The big story
Citroëns continue to do well at auction, but there are two stand out stars…
Great Citroën deals
If there was ever a car maker associated with its homeland, it would surely have to be Citroën. Look at photographs of French towns, villages and roads from the 1920s to the early 1990s, and there’s likely to be one featured somewhere.
In many ways that’s hardly surprising, because when it comes to milestone models, Citroën had come up with three by the mid-1950s – the Traction Avant, the 2CV and the DS.
But it wasn’t just homeland buyers who loved them – just about 20 miles away across the English Channel, British buyers loved them too, as did the company, which established an assembly plant in Slough.
Citroëns are auction regulars, from Rosalies through to Traction Avants, DSs, SMs and XMs, the latter – while the most recent – being one of the rarest to cross the block.
The oldest Citroën to sell at auction this year was a 1922 5CV Cloverleaf – offered by H&H, it sold for £6525. H&H’s first sale at the National Motorcycle Museum saw a very good order 1934 10 Rosalie off for just £3937, making it far better value than an Austin Seven or Morris Minor.
Later cars unsurprisingly constitute the largest portion of the Citroën offering – Classic Car Auctions’ last sale offered a 1986 2CV Charleston which geed-up punters bid to a healthy £7480, streets ahead of a 1985 2CV sold at Morris Leslie’s May sale for £1780. The start of the year – normally relatively quiet – saw Anglia Car Auctions drawing realistic sums from a 1982 Dyane (£2625), 1987 2CV (£1785) and a 1988 2CV (£5460.)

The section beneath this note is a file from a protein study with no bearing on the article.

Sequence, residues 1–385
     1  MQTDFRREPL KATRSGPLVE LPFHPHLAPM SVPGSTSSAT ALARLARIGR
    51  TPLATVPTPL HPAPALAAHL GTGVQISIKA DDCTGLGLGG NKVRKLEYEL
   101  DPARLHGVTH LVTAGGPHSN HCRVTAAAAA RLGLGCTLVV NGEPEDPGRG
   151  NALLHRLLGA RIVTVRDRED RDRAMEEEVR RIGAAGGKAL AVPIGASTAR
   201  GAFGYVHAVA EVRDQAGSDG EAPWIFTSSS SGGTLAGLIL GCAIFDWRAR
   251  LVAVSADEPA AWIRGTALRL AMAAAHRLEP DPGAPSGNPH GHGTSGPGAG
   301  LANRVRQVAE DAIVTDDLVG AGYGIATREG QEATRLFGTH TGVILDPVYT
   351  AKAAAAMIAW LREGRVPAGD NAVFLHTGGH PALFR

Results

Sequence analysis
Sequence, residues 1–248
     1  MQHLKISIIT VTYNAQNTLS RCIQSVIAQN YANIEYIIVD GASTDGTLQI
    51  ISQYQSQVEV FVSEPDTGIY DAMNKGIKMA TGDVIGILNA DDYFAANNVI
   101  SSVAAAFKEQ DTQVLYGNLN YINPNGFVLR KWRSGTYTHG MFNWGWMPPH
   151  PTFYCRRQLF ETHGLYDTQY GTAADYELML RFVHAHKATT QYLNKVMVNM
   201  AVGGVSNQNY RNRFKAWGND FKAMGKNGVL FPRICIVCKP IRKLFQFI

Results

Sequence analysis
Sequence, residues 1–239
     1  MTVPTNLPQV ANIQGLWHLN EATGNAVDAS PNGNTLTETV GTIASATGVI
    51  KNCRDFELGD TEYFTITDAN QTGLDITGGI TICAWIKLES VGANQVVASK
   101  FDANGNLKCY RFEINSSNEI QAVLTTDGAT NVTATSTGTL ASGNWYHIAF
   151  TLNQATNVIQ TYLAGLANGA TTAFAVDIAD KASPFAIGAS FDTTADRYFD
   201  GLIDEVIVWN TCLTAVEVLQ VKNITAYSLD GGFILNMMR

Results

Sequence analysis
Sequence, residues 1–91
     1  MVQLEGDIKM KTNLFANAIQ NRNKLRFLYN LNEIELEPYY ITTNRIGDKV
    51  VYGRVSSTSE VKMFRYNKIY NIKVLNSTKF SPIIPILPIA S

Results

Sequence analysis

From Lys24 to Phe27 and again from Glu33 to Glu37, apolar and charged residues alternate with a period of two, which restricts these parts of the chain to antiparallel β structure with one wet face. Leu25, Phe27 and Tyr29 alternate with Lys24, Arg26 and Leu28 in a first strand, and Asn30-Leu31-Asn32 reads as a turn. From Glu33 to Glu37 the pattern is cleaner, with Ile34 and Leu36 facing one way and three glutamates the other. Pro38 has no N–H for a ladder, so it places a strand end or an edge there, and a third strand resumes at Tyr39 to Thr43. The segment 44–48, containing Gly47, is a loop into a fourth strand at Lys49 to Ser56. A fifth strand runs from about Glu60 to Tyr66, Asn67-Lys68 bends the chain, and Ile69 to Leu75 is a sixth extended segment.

Traction Avant, DS and CX models remain popular with buyers. The multitude of Traction Avant models helps to broaden its appeal, but the DS and more exotic SM remain Kings of the Chateau when it comes to values.
The 1973 SM that Silverstone Auctions sold in February made
£32,200, then South West Vehicle Auctions upped the ante in March with a 1971 example selling for £45,360. The 1972 SM that Historics sold in April made £20,160.
Historics’ 1974 DS23 EFi Pallas made £30,240 and April’s ACA sale included a 1966 ID19 that sold for £5670.
All Citroëns, including later Visas, AXs and XMs have the endearingly leftfield characteristics of earlier models, and with so many enthusiasts following the crowd, that has to be welcomed.
‘British buyers loved them too’
Classic Citroëns like the DS and ID are performing well with UK-based buyers.